What does energy deregulation mean for your business?6 December 2022
Energy deregulation can have a significant impact on your business’s bottom line. It results in choices that can change how you purchase energy, affect your business’ environmental footprint, increase the predictability of your energy expenses, and more. This article examines what you need to know about energy deregulation and how to make well-informed energy decisions in deregulated markets.
What is energy deregulation?
In a regulated energy market, you do not choose your energy provider. Rather, the energy that heats homes and cools businesses comes from the utility company assigned to your location, and the government sets the prices. Regardless of whether the utility offers excellent, inexpensive service and a variety of renewable energy sources or has a history of repeated outages, they have a monopoly. Under this system, you are unable to take your business elsewhere in search of a better option.
Deregulation is when a government market–like energy–is opened up for competition. Energy deregulation means businesses and homeowners have a choice of retail energy providers. In a deregulated market, multiple energy companies compete for your business. That means you can choose which company is the best fit, and providers have the incentive to earn and keep your business. While a local government utility may still be involved in delivering electricity or natural gas through its infrastructure, deregulation allows customers to choose where they get their energy.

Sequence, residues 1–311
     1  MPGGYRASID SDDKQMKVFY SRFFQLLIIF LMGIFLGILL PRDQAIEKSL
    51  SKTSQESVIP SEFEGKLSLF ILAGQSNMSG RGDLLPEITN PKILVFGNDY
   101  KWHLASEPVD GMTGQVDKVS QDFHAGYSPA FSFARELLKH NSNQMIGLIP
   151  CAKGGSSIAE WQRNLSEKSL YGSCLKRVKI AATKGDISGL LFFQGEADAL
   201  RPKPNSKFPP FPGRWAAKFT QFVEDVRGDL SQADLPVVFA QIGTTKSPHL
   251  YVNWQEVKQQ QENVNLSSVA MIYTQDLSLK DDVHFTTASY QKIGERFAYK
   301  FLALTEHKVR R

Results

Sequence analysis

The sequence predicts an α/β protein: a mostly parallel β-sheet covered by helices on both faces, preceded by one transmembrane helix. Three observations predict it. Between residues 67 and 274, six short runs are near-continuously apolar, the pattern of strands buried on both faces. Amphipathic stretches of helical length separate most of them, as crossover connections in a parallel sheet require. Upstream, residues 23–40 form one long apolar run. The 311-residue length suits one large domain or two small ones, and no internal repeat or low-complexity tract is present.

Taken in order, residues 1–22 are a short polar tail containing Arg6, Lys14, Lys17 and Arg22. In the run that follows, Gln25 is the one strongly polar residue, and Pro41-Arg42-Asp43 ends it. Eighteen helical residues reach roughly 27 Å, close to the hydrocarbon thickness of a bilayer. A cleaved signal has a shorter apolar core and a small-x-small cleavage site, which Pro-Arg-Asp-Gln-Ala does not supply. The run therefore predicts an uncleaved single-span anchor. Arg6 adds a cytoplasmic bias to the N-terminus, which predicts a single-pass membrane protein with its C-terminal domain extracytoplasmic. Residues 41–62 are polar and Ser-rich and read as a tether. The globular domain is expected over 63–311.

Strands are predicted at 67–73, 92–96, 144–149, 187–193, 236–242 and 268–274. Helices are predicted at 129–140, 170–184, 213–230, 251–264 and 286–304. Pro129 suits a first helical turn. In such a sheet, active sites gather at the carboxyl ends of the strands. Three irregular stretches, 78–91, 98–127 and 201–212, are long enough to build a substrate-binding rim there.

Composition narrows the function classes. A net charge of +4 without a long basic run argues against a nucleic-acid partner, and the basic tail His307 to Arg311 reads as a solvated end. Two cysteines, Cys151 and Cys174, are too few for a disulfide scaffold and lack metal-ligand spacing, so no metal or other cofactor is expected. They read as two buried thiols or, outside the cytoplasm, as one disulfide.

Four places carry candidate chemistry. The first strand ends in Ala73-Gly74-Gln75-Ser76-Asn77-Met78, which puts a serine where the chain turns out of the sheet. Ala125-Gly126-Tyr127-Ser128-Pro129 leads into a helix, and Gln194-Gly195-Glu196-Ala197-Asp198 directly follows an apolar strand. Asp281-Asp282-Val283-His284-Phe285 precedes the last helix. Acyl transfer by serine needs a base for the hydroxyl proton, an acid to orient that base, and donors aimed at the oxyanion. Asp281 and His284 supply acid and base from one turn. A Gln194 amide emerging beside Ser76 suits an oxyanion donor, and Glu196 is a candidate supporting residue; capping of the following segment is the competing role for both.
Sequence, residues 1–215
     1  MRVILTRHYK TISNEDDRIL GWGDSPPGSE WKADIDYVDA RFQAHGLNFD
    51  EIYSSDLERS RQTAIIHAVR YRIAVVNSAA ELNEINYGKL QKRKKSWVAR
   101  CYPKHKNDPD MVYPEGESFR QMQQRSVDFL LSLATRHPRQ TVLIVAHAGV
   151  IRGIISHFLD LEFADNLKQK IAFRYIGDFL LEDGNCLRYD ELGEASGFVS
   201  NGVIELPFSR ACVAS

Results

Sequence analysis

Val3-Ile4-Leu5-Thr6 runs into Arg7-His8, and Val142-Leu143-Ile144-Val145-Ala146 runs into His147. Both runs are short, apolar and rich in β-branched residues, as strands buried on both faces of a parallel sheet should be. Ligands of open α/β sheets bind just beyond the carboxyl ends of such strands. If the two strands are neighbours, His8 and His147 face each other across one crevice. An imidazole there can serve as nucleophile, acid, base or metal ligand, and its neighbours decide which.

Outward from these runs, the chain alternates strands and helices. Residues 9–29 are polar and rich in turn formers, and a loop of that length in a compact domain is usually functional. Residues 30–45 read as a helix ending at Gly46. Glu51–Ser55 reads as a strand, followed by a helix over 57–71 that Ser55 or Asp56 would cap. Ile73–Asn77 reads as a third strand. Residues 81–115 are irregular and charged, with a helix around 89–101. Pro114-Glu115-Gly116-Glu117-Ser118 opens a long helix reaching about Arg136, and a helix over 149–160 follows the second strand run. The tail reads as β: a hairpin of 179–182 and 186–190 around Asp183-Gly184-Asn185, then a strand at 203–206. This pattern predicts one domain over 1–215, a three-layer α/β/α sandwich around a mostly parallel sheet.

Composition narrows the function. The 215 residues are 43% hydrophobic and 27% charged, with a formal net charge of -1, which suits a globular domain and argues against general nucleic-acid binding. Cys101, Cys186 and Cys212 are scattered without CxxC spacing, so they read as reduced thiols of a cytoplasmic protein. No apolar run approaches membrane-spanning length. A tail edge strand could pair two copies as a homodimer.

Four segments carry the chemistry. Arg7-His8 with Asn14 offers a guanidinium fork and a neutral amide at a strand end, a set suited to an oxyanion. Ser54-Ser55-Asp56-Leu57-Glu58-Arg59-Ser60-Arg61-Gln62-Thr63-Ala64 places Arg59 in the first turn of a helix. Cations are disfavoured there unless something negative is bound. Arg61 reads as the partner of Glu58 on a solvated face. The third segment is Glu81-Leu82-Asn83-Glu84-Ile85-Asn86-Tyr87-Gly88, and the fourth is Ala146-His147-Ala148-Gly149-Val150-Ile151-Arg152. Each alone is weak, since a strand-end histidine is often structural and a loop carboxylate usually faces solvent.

Which energy markets are deregulated?
Canada has never regulated electricity prices at the federal level, leaving that decision up to the provinces. Currently, Alberta and Ontario offer businesses the flexibility of a deregulated energy market.
The United States started the electricity deregulation process in 1978 with the Public Utility Regulatory Policies Act (PURPA), which required utilities to purchase power from outside providers if their supplies were low. By the late 1990s, the utility grid was opened for fair access by all power producers. That led to a push for retail electricity deregulation. In 1996, California was the first state to deregulate energy, and others quickly followed suit. Today, 26 states have some form of retail energy choice, including Texas, Ohio, Illinois, and New York.
Energy consulting firms in Canada and the United States can help you determine the status of your local energy market.
How does energy deregulation benefit my business?
One way retail energy providers compete for your business is through price. When you have multiple companies vying for your account, they will frequently use lower costs to gain your patronage. They may also offer incentives to entice you away from the competition.
Providers may also try to earn your business by offering innovative price structures, favorable contract lengths, and multiple account options to ensure they have a choice that fits your company’s needs. This creates even more savings opportunities, though it adds complexity to choosing the best option for you.